Cricket's nicest guy bids adieu
Rahul Dravid has the knack of throwing up unexpected surprises. After the tour of England in 2007, he relinquished captaincy. Four years later, he announced he was quitting ODI cricket. Now following India’s tour of Australia, he has announced retirement from international cricket. While the first one came as a bolt out of the blue, the ODI retirement was on expected grounds given the way the selectors toyed with him (first dropping him for the ODI tri-series in Australia in 2008, then bringing him back for the 2009 Champions Trophy only to drop him again and recalling him yet again for the ODI series in England in 2011). Now the Test retirement is not too surprising considering the performances in Australia which called for a rolling of heads.
A pertinent question is “Why only him and not the others” ? Dravid throughout his career has never been one to shy away from responsibilities and has almost always put his hand up when the situations demanded. Rescuing the team from a troubled situation, keeping wickets during the 2003 World Cup, taking up captaincy in Sourav Ganguly’s absence and then during his axing, opening the innings in England 2011 are some cases in point. So much so that Harsha Bhogle described it thus “Ask him to walk on water and he would ask ‘How many miles’ “. Now it seems a bit odd that when there are calls for phasing out the seniors he is the first one to lead the way.
Dravid reasons that there are talented youngsters waiting in the wings and that the time is right for them to make their mark. Suresh Raina and Rohit Sharma debuted in ODIs under Dravid and Virat Kohli, after his successful stint as U-19 captain in 2008, played under Dravid in the 2008 IPL before going on to make it big in the international arena. Now as Dravid captains Rajasthan Royals in 2012, Ajinkya Rahane(playing for the Royals) may be the next one to join the other three as the future of Indian cricket. A stint under Dravid should help. In the 2003 WC match against Pakistan in Centurion, Yuvraj Singh took India to victory in the company of Dravid, after the dismissal of Sehwag, Sachin, Ganguly and Kaif. Later in the Super 6 match against New Zealand, chasing a below par total of 147, Mohammed Kaif played his part to perfection in the company of Dravid. This was after Shane Bond had created havoc with his bowling, accounting for Sehwag, Sachin and Ganguly.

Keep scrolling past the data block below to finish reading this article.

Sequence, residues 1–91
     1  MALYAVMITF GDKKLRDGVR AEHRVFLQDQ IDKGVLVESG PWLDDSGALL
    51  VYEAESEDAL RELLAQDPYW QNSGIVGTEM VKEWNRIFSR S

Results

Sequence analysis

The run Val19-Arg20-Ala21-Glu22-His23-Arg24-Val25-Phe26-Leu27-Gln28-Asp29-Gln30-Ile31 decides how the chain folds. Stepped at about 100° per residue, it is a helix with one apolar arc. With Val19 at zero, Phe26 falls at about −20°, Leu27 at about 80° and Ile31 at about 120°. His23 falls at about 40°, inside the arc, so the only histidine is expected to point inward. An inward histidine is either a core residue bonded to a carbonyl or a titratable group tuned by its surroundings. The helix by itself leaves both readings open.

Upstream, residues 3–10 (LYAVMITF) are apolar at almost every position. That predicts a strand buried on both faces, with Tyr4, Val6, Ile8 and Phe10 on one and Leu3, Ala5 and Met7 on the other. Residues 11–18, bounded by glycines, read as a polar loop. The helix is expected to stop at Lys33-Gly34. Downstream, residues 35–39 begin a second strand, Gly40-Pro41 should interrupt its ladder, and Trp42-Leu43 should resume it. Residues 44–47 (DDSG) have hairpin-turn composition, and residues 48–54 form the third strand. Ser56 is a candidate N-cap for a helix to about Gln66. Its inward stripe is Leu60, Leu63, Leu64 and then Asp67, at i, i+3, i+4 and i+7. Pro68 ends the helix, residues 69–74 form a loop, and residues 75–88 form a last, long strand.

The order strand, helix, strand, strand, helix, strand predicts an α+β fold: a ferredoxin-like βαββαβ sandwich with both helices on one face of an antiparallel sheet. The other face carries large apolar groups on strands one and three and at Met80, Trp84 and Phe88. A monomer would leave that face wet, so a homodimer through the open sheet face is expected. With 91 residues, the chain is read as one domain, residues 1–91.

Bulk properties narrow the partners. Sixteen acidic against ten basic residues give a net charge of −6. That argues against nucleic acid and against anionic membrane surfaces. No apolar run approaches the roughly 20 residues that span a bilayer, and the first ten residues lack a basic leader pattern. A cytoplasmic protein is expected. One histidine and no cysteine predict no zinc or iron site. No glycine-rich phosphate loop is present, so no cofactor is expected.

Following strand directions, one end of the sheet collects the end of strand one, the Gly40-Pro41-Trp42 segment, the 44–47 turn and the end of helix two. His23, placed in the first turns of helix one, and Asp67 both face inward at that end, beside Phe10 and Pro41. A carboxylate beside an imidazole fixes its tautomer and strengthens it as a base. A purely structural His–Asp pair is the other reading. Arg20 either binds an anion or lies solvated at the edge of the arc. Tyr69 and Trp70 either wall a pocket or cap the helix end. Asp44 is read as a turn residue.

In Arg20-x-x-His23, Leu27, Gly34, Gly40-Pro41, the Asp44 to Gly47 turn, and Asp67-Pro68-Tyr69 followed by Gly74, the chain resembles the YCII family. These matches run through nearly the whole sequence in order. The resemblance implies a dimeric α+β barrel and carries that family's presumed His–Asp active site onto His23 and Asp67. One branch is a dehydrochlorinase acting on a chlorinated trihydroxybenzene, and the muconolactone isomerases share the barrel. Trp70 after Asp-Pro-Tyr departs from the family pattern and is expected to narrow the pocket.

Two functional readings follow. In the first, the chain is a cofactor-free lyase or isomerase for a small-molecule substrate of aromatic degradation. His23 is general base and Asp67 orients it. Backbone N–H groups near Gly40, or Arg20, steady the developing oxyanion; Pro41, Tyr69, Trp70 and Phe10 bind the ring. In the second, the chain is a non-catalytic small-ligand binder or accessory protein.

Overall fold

For much of his career, Dravid was overshadowed by Sachin Tendulkar. He once jokingly said about his No.3 batting position in Tests “People sometimes expect me to get out soon, so that they can watch Sachin play”. Consider the 331-run partnership the two put on for the second wicket against New Zealand at Hyderabad in 1999. The 186* of Sachin gains more prominence than the 153 by Dravid. During the 1999 World Cup match against Kenya, Sachin’s 140*, scored in emotional circumstances is more talked about than Dravid’s 104*. Being the true team player that he is, he would not mind the accolades his partner gets as long as his knocks help the team’s cause. Example of this is the 318-run partnership with Ganguly against Sri Lanka at Taunton in the 1999 World Cup. The latter hogged the limelight for his 183 in a must-win game leaving Dravid contented with his 145. But perhaps the most fitting example is the debut at Lords. His 95, coming in at No.7, has not generated as much buzz as the 131 by fellow debutant, Ganguly. It is only fitting that words like ‘selfish’, ‘money-minded’, ‘personal gains’ etc. are not used on him.
Dravid’s captaincy had both bright and dark spots. The win against Pakistan at Multan in 2004, the Test series win in England in 2007, the win in West Indies are some of the highlights while the 2007 World Cup and the controversial era under coach Greg Chappell remain low points. But his contribution to the game of cricket remains unparalleled. He commands deep respect in Australia. He was the one to predict that Ricky Ponting would play a big innings in the recent Test series. Last year, when he was in poor form, it was Ponting who urged him not to retire and stay on. Shane Watson is currently eager to play under him in the IPL. That Dravid was the one called upon to deliver the Don Bradman oration during the recent tour of Australia says a lot about his contribution to the game of cricket. That Dravid was the one who wrote the foreword for Steve Waugh’s autobiography ‘Out of my Comfort Zone’ is proof of the respect he commands from fellow cricketers. “Steve Waugh gave grit a good name”, writes Dravid. It would only be apt to say that Rahul Dravid gave cricket a good name.